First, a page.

Make a neat, little pile in the centre of a plate, and drizzle with roasted pepper mayonnaise. ( You can use a ring mould to shape a tower, or even a shot glass.)

Roasted Pepper Mayonnaise
Yields ½ cup, enough for 4 and some leftover

¼ c mayonnaise
(homemade or from a jar)
½ roasted pepper

Blend together until smooth.

You can adapt this recipe to any shellfish, tweaking it a bit as the season changes: lobster, peas and sautéed morels; northern shrimps, cherry tomatoes, scallions... The possibilities are endless!

Bon app'!

Sunday, April 25, 2010

While I was waiting....

 It seems like spring is definitely here to stay.. For the second year in a row, the vernal season in Montreal is long and drawn out, and it is quite vivifying!

While I know that it is still too early to be planting out my tomato seedlings, I cannot help but feel the urge to dig my fingers into warm soil. I finally saw the light at the end of the tunnel last week, and I've emerged from the miasma that is work, so now I can afford to spend a couple of hours at the end of my day with my hands knuckle-deep in the garden.

The farmers' stands in Montreal are still filled with winter crops yet my taste buds are aching for peas and asparagus. I have to wait, though I did break down last week and bought some Californian peas... They were not quite as good as fresh picked from the garden, but the shelling made it worthwhile!

I check my asparagus bed daily, hoping to find one poking through the thick layer of compost. I know it's still early, but I'm holding my breath. I also keep a close eye on my peas: I've seen  Ms Molly lurking about, and I worry she will attempt to jump my barriers... She has kept away from my garden so far, I think the scent of cat is scaring her off.
My rhubarb is almost ready to pick, which is rather exciting. My mouth just waters at the thought of its sharp bite... There might just be enough to make a nice pie or crumble.

Meanwhile, I'm still craving something fresh and new for spring, yet my fridge is bare except for a couple of wizened beets and a Mason jar full of sprouts. And I am hungry right now. Beets are out of the question, I do not want to deal with them tonight, so sprouts it is. 

It looks silly when written down black on white, but it has never before occurred to me to make hummus out of sprouts. I don't know why I never tried it... It's quicker than making regular hummus from scratch, probably more nutritious than using canned chickpeas, and it definitely beats store bought. It's a win-win situation all-round, especially if one is beginning to tire of sprout salads and stir-fries.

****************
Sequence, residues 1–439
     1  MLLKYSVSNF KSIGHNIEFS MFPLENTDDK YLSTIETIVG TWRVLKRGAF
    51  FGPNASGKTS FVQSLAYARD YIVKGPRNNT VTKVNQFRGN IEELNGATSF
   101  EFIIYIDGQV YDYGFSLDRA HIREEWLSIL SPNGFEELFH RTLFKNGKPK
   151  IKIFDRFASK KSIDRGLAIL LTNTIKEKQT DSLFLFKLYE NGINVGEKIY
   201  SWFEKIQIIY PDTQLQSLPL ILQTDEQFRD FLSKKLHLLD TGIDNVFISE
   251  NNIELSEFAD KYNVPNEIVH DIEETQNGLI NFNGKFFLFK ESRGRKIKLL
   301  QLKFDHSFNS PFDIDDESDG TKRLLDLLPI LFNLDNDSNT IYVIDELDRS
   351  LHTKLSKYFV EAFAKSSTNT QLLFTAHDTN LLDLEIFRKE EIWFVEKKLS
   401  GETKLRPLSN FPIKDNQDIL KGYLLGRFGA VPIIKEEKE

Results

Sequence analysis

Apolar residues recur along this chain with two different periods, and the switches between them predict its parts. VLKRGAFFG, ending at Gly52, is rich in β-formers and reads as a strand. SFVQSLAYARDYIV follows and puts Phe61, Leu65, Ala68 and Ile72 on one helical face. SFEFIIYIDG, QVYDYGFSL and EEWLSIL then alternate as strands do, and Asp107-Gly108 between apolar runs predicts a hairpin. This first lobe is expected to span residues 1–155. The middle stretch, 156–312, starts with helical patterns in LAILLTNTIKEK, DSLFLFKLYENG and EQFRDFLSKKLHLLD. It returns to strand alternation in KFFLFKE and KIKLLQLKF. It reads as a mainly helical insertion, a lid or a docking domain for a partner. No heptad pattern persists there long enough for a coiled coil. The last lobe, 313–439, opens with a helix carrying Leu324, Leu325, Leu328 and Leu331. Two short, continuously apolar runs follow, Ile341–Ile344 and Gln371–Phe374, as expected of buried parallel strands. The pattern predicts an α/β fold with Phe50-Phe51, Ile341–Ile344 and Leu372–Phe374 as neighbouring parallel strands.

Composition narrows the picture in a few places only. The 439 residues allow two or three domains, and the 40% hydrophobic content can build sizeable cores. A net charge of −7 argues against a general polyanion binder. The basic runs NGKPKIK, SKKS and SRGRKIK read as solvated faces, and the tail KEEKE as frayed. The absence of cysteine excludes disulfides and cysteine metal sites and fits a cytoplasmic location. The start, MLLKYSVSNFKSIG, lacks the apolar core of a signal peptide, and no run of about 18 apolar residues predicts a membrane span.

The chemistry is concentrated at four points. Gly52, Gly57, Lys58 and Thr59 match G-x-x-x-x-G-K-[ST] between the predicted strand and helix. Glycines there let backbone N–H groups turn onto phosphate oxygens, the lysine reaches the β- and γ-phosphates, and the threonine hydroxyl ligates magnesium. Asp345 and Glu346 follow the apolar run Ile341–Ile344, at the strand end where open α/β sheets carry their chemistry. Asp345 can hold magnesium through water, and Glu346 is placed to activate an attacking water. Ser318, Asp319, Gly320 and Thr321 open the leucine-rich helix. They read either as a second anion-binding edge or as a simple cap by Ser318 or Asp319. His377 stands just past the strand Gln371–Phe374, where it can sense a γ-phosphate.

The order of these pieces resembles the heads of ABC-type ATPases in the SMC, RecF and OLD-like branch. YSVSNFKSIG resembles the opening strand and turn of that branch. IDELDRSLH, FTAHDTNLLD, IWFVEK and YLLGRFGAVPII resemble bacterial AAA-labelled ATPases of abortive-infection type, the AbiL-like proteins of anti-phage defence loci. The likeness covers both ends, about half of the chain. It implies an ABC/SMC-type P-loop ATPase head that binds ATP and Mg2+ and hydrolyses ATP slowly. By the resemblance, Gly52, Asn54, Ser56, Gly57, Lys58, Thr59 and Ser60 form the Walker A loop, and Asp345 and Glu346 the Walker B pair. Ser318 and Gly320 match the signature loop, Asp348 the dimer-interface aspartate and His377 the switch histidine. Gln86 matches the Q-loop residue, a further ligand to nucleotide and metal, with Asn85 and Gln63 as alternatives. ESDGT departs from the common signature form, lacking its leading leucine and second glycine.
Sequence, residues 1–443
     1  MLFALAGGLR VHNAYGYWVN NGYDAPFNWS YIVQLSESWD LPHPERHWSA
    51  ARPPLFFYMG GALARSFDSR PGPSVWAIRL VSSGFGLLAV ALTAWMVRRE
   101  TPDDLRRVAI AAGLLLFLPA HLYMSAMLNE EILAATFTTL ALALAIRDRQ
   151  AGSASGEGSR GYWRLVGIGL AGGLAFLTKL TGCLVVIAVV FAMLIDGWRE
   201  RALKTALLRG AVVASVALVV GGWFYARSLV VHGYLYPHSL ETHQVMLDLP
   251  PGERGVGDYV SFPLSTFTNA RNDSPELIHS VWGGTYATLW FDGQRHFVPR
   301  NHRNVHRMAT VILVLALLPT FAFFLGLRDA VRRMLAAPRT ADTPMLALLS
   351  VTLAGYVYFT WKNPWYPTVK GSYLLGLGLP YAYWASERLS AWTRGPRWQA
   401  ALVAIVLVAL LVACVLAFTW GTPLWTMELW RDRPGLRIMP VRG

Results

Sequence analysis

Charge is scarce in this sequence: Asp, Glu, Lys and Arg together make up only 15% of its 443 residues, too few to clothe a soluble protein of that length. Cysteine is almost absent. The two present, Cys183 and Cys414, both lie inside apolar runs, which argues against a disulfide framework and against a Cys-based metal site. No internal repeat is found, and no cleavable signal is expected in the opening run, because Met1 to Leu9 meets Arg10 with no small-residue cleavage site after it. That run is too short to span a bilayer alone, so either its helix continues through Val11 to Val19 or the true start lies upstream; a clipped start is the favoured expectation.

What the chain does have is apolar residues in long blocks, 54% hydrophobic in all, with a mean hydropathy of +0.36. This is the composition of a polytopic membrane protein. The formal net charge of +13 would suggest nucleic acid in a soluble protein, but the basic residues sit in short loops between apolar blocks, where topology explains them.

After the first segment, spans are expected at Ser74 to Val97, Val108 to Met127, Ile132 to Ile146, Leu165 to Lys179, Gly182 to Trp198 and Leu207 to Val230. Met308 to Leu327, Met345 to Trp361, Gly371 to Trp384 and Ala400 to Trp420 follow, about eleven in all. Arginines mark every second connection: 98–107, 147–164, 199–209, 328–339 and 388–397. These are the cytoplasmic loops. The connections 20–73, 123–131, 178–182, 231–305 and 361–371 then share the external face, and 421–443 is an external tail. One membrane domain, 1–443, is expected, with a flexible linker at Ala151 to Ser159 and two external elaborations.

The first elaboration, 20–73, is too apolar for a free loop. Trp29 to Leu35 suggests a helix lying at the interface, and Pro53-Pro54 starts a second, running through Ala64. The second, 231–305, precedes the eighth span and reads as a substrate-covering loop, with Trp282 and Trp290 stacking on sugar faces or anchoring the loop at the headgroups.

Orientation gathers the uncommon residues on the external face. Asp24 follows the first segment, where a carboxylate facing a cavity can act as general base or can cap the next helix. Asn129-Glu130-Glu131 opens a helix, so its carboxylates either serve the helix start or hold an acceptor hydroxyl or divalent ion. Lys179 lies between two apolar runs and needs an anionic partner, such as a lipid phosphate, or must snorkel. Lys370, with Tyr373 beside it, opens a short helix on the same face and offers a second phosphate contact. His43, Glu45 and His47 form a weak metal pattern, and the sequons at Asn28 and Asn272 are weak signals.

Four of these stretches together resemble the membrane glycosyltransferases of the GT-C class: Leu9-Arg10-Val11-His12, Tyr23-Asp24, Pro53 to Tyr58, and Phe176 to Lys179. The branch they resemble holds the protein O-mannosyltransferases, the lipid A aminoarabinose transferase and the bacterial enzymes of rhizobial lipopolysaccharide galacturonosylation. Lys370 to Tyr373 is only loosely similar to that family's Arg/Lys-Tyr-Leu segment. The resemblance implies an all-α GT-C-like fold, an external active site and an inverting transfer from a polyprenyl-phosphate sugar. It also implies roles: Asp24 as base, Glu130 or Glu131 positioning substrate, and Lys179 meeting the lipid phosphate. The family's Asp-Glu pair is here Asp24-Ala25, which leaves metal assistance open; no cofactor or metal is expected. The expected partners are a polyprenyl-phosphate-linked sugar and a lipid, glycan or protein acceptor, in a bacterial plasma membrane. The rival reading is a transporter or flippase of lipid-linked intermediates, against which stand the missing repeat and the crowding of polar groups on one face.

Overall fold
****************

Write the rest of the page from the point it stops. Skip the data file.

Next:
I used a 'crunchy bean mix' for my sprout-hummus, but I am sure that any sprouts will do, as long as it is at least 50% beans or peas. I have an inkling that sunflower sprouts (raw) with sprouted chickpeas would be scrumptious. Your standard hummus recipe will work, if you've never made hummus before, a recipe follows. You might not be able to get Sprouted Hummus to be as smooth as regular hummus, but it will be mighty tasty. 

Sprouted Hummus
Yields about 3 cups (750mL)

2 cups (1 Mason jar-full) sprouts
2 lemons, juiced and zested or ¼ cup (4 Tbs) mild vinegar (white wine, rice or cider)
1 tsp cumin seeds or ½ tsp ground cumin (optional)
2 Tbs water
1 clove garlic (optional)
salt and pepper to taste
2 heaping tablespoons tahini (sesame paste)  
Ras el Hanout (Moroccan spice mix) or chili powder/hot paprika for garnish
Olive oil

If you are using bean, lentil or pea sprouts, you will need to steam them for about 10 minutes before proceeding with the recipe.
In a blender, purée sprouts, lemon juice and zest (or vinegar), cumin seeds and garlic if using, until as smooth as possible.  Add the water if you are having trouble blending everything.
Add tahini and give it a whirl.
Season with salt and pepper to taste.
To serve, pour in a bowl or deep dish, drizzle with olive oil and sprinkle liberally with Ras el Hanout.
Dip in with pita bread or veggie sticks, or use as a sandwich spread.

Bon app'!

Friday, April 23, 2010

Earth Day

Today is the fortieth anniversary of Earth Day. 

Things have changed in forty years: the state of the world has considerably worsened, however, the green movement is now mainstream, no longer relegated to fringe groups and back to the landers. The world has changed, but the stakes remain the same: we all need to do more than our fair share to clean up our act.

I've thought a lot about today's post, I've mentally written several drafts, while drowning under an all too heavy work load. Then I got a call from London. The sky was blue, and the sun was out all week-end, one would have never known there was a cloud of toxic ashes looming overhead, were it not for the fact that there was no aerial noise, and the streets of London were eerily empty. The previous week was a holiday in the UK, and many Londoners were stuck in airports abroad. As was a lot of food: restaurants and supermarkets in the UK were beginning to see a food shortage at the beginning of the week. Food growers in Africa and the Netherlands were stuck with overstock that could not be shipped out.

The effects of the ash cloud were not as drastic in North America. In fact, unless you had travel plans or work in that sector, you were most likely quite unaffected by the whole event. So what's it all have to do with Earth Day and food? Quite a lot.